With the new engine, Ferrari will therefore conform to the scheme adopted by most of the manufacturers: the exhausts at the bottom, and with them the KKK turbines, while the intake manifolds and the relative boxes are moved above the V of the engine.


This new V6 is capable of delivering almost 800 horsepower, reaching almost 900 horsepower in qualifying configuration, and an even more powerful evolution will be introduced mid-season, which however will be the cause of the car's poor reliability in the final stages of the championship: soon the engine will start to suffer from overheating problems due to an inadequate oil recovery system, and turbine problems will begin to arise.


Even the gearbox, always in the transverse position, is made more compact and lighter thanks to the use of special metal alloys.


Another important novelty is the adoption, for the first time on a Ferrari F1, of CAD technologies in collaboration with Aermacchi, which make it possible to create very accurate aerodynamics. The type of CAD program used is of the finite element type, i.e. the body is ideally decomposed into many small segments and the stresses for each of them are calculated, so that if changes are made in the basic data (for example, the stresses on the suspensions), the program allows you to quickly identify the points to be reinforced or modified.


Although officially unveiled on February 16, 1985, the 156-85 has been on the track since the end of 1984, as it is necessary to develop the Goodyear tires that were one of the causes of the failure of the 126 C4. The first tests of 1985 will reveal that the new single-seater of the prancing horse is certainly competitive even if, on the bumpier tracks, there will be some nervousness due to the stiffer frame.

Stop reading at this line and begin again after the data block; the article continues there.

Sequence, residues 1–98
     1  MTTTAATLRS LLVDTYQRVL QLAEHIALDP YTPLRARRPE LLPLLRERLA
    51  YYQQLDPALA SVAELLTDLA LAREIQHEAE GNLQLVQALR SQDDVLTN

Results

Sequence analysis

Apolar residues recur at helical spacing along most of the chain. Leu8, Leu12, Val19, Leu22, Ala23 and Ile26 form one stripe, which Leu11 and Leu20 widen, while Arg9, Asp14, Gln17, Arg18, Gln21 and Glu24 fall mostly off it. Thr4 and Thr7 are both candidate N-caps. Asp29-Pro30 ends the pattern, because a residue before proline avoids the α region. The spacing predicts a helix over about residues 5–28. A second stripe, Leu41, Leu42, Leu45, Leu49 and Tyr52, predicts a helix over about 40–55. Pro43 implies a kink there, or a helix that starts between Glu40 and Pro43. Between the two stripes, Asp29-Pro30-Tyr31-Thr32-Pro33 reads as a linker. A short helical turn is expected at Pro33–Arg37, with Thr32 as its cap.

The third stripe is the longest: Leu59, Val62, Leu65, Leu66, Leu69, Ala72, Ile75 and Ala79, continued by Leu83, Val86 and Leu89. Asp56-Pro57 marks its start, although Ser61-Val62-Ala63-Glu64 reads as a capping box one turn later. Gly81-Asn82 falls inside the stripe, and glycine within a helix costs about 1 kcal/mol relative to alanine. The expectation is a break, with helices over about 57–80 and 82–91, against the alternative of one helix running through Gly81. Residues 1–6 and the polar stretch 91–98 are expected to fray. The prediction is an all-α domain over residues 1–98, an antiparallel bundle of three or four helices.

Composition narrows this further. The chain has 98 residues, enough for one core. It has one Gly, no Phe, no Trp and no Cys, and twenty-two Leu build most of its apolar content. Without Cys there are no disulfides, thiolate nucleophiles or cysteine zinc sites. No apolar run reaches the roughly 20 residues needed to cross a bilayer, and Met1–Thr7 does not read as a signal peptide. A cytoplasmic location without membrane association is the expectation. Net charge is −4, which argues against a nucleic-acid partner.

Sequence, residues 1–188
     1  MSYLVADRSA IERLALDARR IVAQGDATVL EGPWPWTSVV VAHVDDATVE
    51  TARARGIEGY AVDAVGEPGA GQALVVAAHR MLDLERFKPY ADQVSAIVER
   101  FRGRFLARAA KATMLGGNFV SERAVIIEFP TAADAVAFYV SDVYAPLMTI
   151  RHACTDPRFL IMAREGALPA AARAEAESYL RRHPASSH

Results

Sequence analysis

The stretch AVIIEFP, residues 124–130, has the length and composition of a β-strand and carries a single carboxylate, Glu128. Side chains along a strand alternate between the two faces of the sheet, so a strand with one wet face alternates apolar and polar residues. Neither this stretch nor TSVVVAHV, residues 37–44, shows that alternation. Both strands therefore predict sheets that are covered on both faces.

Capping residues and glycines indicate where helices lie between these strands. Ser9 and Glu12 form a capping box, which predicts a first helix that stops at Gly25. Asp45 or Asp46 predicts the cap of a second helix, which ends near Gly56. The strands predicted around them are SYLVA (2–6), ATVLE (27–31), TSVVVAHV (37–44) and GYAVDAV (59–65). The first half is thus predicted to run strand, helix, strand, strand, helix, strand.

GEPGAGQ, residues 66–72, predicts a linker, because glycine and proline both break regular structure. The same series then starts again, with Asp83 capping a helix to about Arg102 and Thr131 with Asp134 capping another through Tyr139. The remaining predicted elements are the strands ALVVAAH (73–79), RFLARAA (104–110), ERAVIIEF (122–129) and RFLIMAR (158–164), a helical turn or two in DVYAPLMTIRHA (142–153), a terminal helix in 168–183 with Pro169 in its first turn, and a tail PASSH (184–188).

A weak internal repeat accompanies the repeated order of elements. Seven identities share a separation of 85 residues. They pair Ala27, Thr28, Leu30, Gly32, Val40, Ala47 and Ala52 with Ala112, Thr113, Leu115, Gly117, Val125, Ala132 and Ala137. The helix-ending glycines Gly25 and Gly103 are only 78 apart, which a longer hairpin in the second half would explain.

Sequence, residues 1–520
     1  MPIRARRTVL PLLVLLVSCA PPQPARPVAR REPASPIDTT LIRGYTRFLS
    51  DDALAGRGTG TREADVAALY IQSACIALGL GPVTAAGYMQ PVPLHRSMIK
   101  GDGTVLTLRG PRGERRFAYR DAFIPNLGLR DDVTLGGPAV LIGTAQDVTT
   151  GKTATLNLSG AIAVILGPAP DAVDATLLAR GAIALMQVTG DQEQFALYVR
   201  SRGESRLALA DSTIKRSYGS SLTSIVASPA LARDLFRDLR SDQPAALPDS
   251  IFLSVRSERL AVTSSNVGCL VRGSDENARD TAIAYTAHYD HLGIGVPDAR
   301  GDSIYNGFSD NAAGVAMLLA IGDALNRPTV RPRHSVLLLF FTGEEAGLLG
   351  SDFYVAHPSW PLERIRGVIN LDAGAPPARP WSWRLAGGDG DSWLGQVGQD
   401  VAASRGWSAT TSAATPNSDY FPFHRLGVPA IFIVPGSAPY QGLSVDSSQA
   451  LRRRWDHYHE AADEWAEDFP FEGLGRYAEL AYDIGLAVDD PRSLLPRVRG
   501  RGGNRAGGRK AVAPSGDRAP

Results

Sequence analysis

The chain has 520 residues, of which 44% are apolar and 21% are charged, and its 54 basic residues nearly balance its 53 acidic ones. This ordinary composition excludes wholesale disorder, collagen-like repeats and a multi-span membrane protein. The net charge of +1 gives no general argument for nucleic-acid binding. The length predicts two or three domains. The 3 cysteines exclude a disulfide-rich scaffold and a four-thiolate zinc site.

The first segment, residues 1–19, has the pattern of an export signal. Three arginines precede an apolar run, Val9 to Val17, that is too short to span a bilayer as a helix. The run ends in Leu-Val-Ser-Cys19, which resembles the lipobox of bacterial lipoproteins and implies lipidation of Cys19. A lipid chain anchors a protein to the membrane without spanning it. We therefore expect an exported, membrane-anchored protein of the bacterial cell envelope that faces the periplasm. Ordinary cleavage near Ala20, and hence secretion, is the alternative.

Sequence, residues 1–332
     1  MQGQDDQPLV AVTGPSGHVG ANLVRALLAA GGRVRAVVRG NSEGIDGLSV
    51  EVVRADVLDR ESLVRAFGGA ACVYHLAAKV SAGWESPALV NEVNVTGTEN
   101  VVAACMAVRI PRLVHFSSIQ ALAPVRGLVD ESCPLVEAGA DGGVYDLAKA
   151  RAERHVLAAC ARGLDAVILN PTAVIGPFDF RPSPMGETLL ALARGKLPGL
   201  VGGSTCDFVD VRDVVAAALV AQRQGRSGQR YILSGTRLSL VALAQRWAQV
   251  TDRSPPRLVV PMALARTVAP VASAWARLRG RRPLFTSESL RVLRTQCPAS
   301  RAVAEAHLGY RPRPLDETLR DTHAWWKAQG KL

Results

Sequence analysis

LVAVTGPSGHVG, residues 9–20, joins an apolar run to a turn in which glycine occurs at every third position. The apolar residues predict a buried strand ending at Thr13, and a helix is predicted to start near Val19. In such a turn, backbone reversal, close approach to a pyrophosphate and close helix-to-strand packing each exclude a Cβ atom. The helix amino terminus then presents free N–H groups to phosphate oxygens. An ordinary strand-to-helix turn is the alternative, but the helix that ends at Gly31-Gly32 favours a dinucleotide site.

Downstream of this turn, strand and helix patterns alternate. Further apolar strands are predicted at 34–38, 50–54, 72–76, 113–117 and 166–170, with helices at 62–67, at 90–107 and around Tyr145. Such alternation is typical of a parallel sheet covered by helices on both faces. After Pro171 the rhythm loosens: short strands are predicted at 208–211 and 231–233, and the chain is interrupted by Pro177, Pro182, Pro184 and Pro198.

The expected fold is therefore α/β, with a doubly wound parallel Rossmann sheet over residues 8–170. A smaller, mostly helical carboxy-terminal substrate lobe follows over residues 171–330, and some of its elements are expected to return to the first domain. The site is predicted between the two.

An almost triumphal season


For the 1985 season the Alboreto-Arnoux couple is reconfirmed. In the inaugural Grand Prix, in Brazil, Michele Alboreto sets the best time in qualifying and conquers pole, but in the race he will have to give way to Alain Prost, who will cross the finish line in first position, just a few seconds behind the Milanese driver, while René Arnoux closes in fourth position.


A good start for Ferrari, were it not for the surprise that on April 17th it was announced that René Arnoux terminates his contractual agreement with Enzo Ferrari in agreement with the latter, who thanks him for the collaboration of the last few years: his post will be taken by the Swedish Stefan Johansson, who at the end of 1984 was free.


The first race of the season had demonstrated Ferrari's excellent competitiveness, also confirmed in Portugal, on the Estoril circuit, given that under the deluge that will see Ayrton Senna triumphant for the first time, Michele Alboreto repeats himself and finishes second at the finish line, thus finding himself at the top of the world rankings.


In Imola, however, Michele's race to success is interrupted due to an electrical problem.